Elizabeth Koester will present, “From Marketplace to Monopoly: The Role of the Legal System in Advancing the Interests of Physicians in Early Twentieth Century Ontario”
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Elizabeth Koester is PhD Candidate at the Institute for the History and Philosophy of Science and Technology at the University of Toronto. Her dissertation research examines the law and eugenics in Ontario from 1900 to 1939 and draws on her recent studies in the history of science and medicine, as well as on her background of almost fifteen years practising law in Toronto.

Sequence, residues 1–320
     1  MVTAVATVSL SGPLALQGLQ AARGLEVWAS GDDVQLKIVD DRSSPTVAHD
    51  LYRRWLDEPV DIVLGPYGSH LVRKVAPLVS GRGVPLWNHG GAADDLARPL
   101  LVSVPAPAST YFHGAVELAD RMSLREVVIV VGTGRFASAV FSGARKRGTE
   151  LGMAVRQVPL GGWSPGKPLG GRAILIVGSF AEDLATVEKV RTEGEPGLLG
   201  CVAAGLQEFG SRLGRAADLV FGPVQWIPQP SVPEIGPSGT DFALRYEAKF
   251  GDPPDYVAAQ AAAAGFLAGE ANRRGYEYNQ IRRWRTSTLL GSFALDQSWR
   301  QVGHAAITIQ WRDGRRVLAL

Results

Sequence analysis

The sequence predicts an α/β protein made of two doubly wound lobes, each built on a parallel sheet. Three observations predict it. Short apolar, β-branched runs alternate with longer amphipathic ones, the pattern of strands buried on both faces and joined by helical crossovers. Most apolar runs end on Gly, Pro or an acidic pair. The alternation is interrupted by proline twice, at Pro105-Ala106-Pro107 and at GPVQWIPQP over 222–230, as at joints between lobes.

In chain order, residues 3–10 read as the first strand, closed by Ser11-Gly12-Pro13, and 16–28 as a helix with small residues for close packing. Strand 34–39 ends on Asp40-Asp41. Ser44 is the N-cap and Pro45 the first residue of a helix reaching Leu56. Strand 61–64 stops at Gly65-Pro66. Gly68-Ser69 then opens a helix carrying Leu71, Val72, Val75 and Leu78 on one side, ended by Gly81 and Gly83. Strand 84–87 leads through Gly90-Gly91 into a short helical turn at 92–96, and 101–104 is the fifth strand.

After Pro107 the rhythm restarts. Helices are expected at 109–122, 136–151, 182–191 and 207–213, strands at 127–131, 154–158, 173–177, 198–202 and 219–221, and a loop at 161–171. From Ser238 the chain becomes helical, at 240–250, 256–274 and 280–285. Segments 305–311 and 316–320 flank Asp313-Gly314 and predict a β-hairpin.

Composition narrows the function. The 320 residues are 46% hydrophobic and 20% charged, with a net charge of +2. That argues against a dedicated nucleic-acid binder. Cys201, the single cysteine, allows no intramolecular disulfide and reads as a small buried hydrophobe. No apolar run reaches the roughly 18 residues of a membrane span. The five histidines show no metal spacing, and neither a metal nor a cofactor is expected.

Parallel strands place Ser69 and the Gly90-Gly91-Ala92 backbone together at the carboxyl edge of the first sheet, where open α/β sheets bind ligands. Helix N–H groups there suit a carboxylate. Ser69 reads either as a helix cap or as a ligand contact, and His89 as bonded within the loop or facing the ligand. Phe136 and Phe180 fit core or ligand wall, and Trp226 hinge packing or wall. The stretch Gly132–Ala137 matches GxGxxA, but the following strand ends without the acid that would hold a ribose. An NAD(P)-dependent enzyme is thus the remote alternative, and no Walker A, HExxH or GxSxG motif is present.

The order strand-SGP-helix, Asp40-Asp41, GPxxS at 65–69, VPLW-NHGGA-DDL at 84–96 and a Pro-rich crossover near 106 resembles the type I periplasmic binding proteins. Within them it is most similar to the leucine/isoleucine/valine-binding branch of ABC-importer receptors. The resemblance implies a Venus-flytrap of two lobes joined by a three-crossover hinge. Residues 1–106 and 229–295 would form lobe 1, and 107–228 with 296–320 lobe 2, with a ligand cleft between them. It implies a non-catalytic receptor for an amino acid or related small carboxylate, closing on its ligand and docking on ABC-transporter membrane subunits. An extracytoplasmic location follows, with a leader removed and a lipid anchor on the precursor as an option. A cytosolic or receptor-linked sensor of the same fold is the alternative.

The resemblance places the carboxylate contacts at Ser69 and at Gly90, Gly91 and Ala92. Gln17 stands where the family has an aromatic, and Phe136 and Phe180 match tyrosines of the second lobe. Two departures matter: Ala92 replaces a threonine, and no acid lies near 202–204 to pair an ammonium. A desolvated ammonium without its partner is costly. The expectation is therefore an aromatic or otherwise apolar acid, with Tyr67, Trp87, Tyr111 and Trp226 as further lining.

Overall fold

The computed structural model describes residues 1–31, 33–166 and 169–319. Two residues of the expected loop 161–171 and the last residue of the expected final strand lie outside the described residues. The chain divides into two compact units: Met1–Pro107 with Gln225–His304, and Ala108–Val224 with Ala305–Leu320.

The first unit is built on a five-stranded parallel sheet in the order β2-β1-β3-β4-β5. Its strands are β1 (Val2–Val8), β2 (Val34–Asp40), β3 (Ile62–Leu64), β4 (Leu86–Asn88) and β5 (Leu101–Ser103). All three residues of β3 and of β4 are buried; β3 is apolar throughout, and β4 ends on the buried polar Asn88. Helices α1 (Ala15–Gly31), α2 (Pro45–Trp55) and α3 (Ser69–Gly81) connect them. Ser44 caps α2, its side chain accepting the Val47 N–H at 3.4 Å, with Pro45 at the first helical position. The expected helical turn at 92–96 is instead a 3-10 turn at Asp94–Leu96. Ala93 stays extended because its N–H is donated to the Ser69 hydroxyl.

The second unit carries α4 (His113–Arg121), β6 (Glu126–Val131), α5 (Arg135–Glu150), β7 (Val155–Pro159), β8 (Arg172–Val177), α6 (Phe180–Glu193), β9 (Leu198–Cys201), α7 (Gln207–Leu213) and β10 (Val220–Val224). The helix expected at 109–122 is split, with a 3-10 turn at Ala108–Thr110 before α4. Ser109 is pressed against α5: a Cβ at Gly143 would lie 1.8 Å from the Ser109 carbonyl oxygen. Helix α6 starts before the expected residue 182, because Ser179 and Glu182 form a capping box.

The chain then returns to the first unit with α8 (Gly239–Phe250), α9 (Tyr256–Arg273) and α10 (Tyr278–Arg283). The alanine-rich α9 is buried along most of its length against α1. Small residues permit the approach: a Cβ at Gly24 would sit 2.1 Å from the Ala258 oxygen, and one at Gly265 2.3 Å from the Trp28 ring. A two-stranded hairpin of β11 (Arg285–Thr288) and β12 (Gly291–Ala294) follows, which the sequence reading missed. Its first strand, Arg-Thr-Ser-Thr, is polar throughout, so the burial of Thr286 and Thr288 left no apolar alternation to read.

Abstract: At the beginning of the twentieth century, healing in Ontario was provided to the public by a variety of practitioners, ranging from homeopaths, osteopaths, chiropractors and Christian Scientists to physicians educated at the University of Toronto, which was considered to have one of the best medical faculties in North America. Yet today, at the beginning of the twenty-first century, healing is primarily in the hands of the medical profession. History teaches us that this development was neither preordained nor inevitable: by examining the records and report of the 1915 Royal Commission into Medical Education in Ontario as well as some intriguing court cases from this period about the legal meaning of “the practice of medicine,” (some of which involved private detectives, electric knobs and back rubs!) we see some of the ways in which the medical profession at the time attempted to make use of the law in its efforts to establish its own professional authority and dominance over the variety of other healers.